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The Flipside of Role Models: The Symbolic Representation of Class in Flanders

Gender
 
Policy Analysis
 
Political Leadership
 
Representation
 
Social Policy
 
Presenter
Petra Meier
Universiteit Antwerpen
Authors
Petra Meier
Universiteit Antwerpen
Eline Severs
Vrije Universiteit Brussel

Abstract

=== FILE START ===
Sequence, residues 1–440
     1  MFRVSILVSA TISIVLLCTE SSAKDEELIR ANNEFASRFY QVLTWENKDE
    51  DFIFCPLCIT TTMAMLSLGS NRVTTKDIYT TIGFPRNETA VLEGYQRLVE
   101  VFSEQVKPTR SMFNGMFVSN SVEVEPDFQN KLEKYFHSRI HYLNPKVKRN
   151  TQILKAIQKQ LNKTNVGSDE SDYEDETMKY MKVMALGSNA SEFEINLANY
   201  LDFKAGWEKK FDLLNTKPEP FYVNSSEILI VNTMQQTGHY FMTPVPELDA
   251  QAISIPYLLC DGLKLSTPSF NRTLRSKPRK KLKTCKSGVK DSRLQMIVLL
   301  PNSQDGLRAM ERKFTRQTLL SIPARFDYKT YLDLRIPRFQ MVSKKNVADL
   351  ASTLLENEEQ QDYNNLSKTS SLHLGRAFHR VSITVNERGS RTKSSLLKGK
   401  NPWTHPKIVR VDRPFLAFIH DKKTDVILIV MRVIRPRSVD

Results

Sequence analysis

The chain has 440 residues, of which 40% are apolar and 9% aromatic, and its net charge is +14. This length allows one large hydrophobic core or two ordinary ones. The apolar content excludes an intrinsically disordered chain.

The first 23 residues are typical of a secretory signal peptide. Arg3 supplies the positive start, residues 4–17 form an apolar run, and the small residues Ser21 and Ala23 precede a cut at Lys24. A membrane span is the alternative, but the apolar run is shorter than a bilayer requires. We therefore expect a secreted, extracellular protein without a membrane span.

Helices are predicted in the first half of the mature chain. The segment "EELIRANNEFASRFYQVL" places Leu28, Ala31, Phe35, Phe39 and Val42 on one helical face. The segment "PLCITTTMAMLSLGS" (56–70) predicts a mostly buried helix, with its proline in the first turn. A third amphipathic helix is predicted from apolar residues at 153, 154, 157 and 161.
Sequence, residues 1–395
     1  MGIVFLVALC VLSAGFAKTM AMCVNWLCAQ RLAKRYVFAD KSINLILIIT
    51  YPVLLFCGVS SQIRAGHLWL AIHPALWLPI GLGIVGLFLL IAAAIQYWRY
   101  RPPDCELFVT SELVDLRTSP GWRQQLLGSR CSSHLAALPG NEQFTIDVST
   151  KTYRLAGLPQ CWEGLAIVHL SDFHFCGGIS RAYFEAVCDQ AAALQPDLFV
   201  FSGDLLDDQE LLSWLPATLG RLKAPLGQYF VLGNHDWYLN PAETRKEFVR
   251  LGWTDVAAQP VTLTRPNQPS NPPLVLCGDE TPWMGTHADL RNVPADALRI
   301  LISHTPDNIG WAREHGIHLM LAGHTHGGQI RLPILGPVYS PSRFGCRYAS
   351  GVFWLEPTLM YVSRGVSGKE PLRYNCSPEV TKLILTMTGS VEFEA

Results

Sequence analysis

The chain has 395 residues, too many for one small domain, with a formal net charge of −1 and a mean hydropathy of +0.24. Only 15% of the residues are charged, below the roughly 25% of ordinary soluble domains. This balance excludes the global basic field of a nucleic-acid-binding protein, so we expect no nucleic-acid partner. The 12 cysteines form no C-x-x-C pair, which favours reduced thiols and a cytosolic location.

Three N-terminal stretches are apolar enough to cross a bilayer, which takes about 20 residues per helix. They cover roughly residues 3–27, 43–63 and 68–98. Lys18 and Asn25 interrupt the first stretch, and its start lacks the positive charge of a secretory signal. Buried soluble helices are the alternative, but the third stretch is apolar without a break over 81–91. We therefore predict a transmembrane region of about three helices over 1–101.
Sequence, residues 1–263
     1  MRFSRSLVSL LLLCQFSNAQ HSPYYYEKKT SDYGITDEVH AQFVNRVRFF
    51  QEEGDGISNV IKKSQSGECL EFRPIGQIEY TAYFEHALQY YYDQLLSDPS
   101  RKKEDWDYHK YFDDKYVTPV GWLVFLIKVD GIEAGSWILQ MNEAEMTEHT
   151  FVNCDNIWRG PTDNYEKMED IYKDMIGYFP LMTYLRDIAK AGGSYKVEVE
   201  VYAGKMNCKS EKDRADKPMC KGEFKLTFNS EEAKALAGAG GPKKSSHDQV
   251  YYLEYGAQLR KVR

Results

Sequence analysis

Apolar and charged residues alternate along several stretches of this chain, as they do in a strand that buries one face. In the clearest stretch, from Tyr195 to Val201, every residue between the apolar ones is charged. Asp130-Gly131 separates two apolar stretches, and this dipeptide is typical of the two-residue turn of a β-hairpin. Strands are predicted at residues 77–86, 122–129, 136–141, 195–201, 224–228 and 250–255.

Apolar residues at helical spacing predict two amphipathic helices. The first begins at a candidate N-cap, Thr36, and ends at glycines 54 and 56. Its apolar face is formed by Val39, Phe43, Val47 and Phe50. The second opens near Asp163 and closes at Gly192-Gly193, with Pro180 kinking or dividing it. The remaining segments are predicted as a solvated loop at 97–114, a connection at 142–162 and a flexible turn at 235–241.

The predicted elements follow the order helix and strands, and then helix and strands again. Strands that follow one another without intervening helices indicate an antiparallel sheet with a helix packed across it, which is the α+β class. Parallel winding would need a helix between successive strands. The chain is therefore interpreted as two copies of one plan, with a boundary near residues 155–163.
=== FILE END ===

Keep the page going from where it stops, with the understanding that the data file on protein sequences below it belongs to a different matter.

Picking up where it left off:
In this Paper, we caution against the dominant account in the literature on political representation that invariably treats political role models, such as female politicians or politicians with migration backgrounds, as assets to representation processes. We do not wish to contest the notion that they are valuable and may enhance trust in politics and political participation – and, thus, the inclusion – of historically disadvantaged groups. We, however, demonstrate the need to also consider the disciplining and restrictive impact they can have. While symbolising what a nation holds dearly, we argue political role models embody what is judged to be good, and, thereby, also evoke what is considered to be bad. This dual effect provides political role models with a disciplining impact. It also restricts the type and range of policy solutions that may be advanced. Their personal narratives and experiences fuel the position of privilege which symbolic orders occupy. Political role models may as such reify and amplify the dominant symbolic order; minimising the (discursive) space for credible alternatives to be heard. The Paper sketches how the embodiment of symbolic orders (symbolic representation) by political role models sets the stage for descriptive and substantive representation. It then turns to the psychological literature to broaden the focus on role models. We substantiate our argument through the use of a Flemish case, namely the appointment of Liesbeth Homans as Flemish Minister of Internal Affairs, Integration, Housing, Equal Opportunities and Poverty Reduction. Homans, a member of the Flemish nationalist party N-VA, is known for her personal experiences with poverty. In the remainder of the paper we focus on how her past experiences with overcoming socio-economic destitution make her into a symbol of ‘responsible’ (deserving) citizens as opposed to ‘irresponsible (undeserving) ones), and how this shapes discourses and policies on poverty reduction.
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